Brand lessons from Claridge’s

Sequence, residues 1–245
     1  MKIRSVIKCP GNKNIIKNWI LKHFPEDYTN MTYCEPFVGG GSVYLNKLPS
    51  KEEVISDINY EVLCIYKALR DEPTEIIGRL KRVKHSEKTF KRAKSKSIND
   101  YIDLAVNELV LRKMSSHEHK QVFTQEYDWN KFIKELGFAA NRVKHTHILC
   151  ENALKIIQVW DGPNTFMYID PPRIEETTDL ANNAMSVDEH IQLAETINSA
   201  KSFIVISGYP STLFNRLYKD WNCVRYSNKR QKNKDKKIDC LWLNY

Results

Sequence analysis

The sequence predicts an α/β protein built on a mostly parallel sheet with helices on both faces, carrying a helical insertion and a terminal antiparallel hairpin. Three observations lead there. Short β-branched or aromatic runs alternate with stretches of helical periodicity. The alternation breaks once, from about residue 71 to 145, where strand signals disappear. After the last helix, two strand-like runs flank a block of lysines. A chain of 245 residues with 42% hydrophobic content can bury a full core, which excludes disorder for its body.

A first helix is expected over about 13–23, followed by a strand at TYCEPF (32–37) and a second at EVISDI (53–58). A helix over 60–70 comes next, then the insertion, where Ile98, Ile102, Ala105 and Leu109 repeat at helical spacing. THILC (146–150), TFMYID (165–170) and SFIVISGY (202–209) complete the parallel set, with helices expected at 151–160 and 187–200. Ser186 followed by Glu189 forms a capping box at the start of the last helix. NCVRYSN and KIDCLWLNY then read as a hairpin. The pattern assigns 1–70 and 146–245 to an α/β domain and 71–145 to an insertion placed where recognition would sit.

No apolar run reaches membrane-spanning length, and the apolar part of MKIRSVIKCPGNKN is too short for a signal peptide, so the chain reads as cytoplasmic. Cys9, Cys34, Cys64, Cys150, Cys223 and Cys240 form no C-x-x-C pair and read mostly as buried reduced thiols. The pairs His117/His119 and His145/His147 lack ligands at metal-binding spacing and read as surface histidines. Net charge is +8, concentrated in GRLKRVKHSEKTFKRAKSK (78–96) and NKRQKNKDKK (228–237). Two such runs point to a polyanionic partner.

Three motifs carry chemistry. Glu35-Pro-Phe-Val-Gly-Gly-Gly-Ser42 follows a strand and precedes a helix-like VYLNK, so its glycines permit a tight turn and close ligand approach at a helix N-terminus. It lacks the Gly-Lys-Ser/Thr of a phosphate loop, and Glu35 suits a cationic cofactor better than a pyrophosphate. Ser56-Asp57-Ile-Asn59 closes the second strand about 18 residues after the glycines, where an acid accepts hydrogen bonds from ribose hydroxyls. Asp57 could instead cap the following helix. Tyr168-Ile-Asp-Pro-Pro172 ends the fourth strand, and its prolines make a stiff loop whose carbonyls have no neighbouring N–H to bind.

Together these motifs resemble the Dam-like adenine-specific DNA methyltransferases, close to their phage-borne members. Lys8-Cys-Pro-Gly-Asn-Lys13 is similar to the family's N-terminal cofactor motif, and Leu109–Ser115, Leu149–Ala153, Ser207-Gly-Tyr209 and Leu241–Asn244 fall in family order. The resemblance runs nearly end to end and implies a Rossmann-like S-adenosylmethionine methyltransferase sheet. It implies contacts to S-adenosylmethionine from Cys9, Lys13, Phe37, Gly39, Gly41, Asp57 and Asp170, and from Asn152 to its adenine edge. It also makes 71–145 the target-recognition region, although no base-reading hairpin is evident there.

Sue Bramall is managing director of Berners Marketing and advises law firms in the UK and overseas If you watched the recent series on BBC2, Inside Claridge’s, you may have asked yourself how they can possibly charge several thousand pounds for one night of accommodation. The Claridge’s brand has been built over many years on a philosophy of putting the guest first and providing exceptional service. This was exemplified by the head of housekeeping who kept detailed records, including photographic evidence, of exactly how guests liked their rooms and other aspects of their stay. This included precisely how the bed should be made – blankets or duvets, softness of mattress or pillow – even preferences for the position of furniture. If you have not watched the programme, I would urge you to do so, as there are at least three valuable lessons to be learned for any service provider. First, exceptional service demands attention to detail, thorough knowledge of your clients and access to this information. In helping firms to develop their customer relationship systems, it is rare that we come across well-kept client information. Contact names are not often recorded completely or accurately, never mind information on family circumstances or business plans. What information do you need to anticipate the needs of your clients and provide exceptional service? Second, the overall service experience is created by everyone in the team. The Claridge’s housekeeper is probably rarely seen by the guest, and yet she is undoubtedly worth her weight in gold. Lawyers often forget that clients may encounter many members of staff before they eventually meet their solicitor. Are all your staff aware of the standards of service expected at your firm? Are standards monitored and do staff receive training accordingly? Third, a brand built on exceptional service commands a premium. In this case, Claridge’s is charging 10 times that of its rivals in London and yet it clearly enjoys fantastic loyalty from its guests. When Steve Jobs started opening Apple stores in 2001, not only was the physical environment important, but so was the customer experience. At a retreat with the team, then Apple retail chief Ron Johnson asked everyone to describe the best customer experience that they had received. Most mentioned the Four Seasons or Ritz-Carlton hotel, so Johnson sent his first five store managers through the Ritz-Carlton training programme and came up with the idea of replicating that level of experience. Too often law firms simply compare themselves with other legal professionals. But there is much to be learned from other industries and, as was the case with the Apple stores, a fresh perspective can give you that differentiating edge over the competition. Once you start to compete on the basis of price alone, it can only go one way. Whilst not everyone can be Claridge’s or Apple, they are fine brands to emulate if your strategy is based on service excellence.